Philip Ganong, a 70-year-old attorney from Bakersfield who oversaw a $22M chain of sober living homes, pleaded no contest on Monday to 10 counts of submitting fraudulent claims for a health benefit at a chain of sober living homes his family operated in Southern California. He was charged with fraudulently billing insurance firms for urine tests that were either not needed or not completed. He was sentenced to only two years in jail.
Ganong’s wife, Pamela, is also supposed to stand for trial on charges of submitting fraudulent claims for health benefit however that is pending the results of a mental health competency hearing set for Nov. 28.
The Gangongs’ son, William, died in a house fire in Bakersfield in 2019.
A co-defendant, Susan Lee Stinson, was sentenced to only 34 days in jail after she pleaded guilty last week to two fraud charges.
Ganong was charged on May 19, 2017, with the following felony counts:
- Conspiracy to commit medical insurance fraud
- 13 counts of insurance fraud
- Sentencing Enhancements
- Property damage over $3.2 million
- Aggravated white collar crime over $500,000
- Over $100,000 loss
Circumstances of the Case (from the OCDA)
- Between January 2008 and December 2016, defendants Pamela and Philip Ganong owned sober living homes in Orange County, Bakersfield, Los Angeles, and San Diego, through their business William Mae Company, which operated as Compass Rose Recovery (Compass).
- In December 2011, the Ganongs are accused of forming a medical testing lab called Ghostline Labs (Ghostline).
- Sober living residents at Compass were recruited by other Compass residents through Craigslist and by word of mouth.
- In 2012, William Mae Company/Compass had 12 employees registered on the company’s payroll and health insurance policy.
- The Ganongs are accused of fraudulently listing residents and non-residents of Compass as employees and expanding their health insurance policy to cover almost 100 employees.
- In January 2013, the Ganongs are accused of starting a temporary labor agency, Compass Rose Staffing, enrolling some residents and non-residents on the payroll, and requiring daily or frequent urine drug testing as a term and condition of employment.
- The Ganongs are accused of starting Compass Rose Staffing as a front to overbill insurance companies for the collection and testing of urine.
- Between 2012 and 2014, the Ganongs are accused of registering fraudulent employees on all four of their payrolls: William Mae Company, Compass Rose Recovery, Compass Rose Staffing, and Ghostline Labs, and submitting daily or frequent urine drug test samples for each employee under each company’s health insurance plan.
- The Ganongs are accused of paying minimal compensation to those enrolled as employees, not collecting co-pays or deductibles for the urine tests, and providing free rent as a kickback for submitting the urine samples.
- Defendant Stinson, Pamela Ganong’s sister, is accused of routinely dropping off paychecks at the Ganong’s sober living facilities, and sending emails to doctors hired by the Ganongs requesting urine drug test prescriptions.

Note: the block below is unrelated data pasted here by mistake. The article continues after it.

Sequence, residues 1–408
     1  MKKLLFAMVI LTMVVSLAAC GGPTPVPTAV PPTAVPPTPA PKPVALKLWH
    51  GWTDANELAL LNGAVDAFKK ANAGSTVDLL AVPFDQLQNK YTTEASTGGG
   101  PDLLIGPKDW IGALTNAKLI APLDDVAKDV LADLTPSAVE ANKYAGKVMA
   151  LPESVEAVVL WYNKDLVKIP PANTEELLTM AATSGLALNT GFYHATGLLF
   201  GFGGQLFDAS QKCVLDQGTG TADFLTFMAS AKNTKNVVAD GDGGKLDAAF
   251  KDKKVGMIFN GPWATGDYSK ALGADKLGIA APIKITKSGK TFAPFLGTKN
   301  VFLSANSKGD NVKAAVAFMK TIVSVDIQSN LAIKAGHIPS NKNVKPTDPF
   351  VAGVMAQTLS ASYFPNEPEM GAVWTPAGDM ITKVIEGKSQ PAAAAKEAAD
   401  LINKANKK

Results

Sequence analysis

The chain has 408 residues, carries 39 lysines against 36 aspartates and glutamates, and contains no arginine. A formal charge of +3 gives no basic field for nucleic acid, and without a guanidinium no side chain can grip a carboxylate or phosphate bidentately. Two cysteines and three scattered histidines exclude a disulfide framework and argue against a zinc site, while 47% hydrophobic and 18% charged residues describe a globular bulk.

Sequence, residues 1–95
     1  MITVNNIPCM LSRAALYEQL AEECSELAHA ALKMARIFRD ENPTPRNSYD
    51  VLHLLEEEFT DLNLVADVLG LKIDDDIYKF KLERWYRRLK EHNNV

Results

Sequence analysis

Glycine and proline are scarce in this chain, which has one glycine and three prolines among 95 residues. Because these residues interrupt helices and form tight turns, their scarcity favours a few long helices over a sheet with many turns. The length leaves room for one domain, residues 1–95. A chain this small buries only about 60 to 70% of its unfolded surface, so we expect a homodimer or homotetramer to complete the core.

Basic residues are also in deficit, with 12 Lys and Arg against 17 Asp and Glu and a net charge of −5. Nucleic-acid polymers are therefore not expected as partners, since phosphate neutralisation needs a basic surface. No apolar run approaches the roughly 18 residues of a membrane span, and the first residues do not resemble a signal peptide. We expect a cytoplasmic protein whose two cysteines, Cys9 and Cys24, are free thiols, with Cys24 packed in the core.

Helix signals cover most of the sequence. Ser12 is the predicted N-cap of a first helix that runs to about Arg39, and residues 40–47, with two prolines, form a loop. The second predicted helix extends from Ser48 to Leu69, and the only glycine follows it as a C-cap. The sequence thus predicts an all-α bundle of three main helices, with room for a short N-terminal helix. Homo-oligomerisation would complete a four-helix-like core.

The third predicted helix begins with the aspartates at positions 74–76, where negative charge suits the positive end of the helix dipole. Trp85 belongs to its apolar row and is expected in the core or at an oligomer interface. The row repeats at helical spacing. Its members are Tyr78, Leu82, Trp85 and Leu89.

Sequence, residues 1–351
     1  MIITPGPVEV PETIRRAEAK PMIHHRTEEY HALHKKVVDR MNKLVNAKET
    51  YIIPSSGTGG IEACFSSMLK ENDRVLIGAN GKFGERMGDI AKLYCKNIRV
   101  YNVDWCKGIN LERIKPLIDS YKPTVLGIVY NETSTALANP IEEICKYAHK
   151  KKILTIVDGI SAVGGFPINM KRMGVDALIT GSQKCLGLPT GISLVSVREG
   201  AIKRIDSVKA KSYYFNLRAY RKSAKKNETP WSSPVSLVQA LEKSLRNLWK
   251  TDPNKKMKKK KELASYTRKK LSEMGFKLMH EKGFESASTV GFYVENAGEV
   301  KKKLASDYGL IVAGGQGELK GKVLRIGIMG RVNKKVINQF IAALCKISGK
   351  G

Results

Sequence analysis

- Phillip and Pamela Ganong are accused of committing insurance fraud by submitting claims for urine drug testing done by Ghostline for sober living residents and employees of the Ganongs for either services not covered, not rendered, or not medically necessary.
- The Ganongs are also accused of submitting bills for high complexity urine tests which Ghostline did not possess the proper certification to perform and sending them to another lab for confirmation testing, despite negative preliminary test results.
- Pamela, Philip, and their son William Ganong are accused of submitting bills in excess of $1 million dollars for drug testing themselves and close associates.
- The defendants are accused of changing insurance carriers four times to avoid detection, submitting bills to Aetna, Anthem, Cigna, and United Health Care, and continuing to submit bills for urine drug testing themselves.
- To further the scheme, the Ganongs are accused of hiring two medical doctors, defendants Montano and Schuder. Montano wrote unnecessary urine drug prescriptions starting at three times per week and increasing to seven times per week for most of the Ganongs’ employees. Shuder is also accused of writing unnecessary urine prescriptions as part of the scheme.
- Montano wrote and Shuder is accused of writing unnecessary urine test orders in exchange for 20 percent of the net insurance proceeds from urine drug testing billing and/or a per-patient fee of $200, in violation of law. Montano knew and Schuder is accused of knowing that Ghostline was owned by the Ganongs, who were not medical providers.
- Defendant Schuder is accused of acting as the Lab Director for Ghostline before the company existed, using a sober living home addresses in Costa Mesa as Ghostline’s address. She is accused of being paid $21,784 between 2012 and 2013 by Ghostline.
- In addition, when the Ghostline became the subject of audits with Anthem and Aetna, the Ganongs are accused of changing the company’s name to Brown Laboratories and continuing to bill for fraudulent urine drug testing.
- The defendants are accused of billing approximately $22 million to the four insurance companies and subsequently collecting $15 million.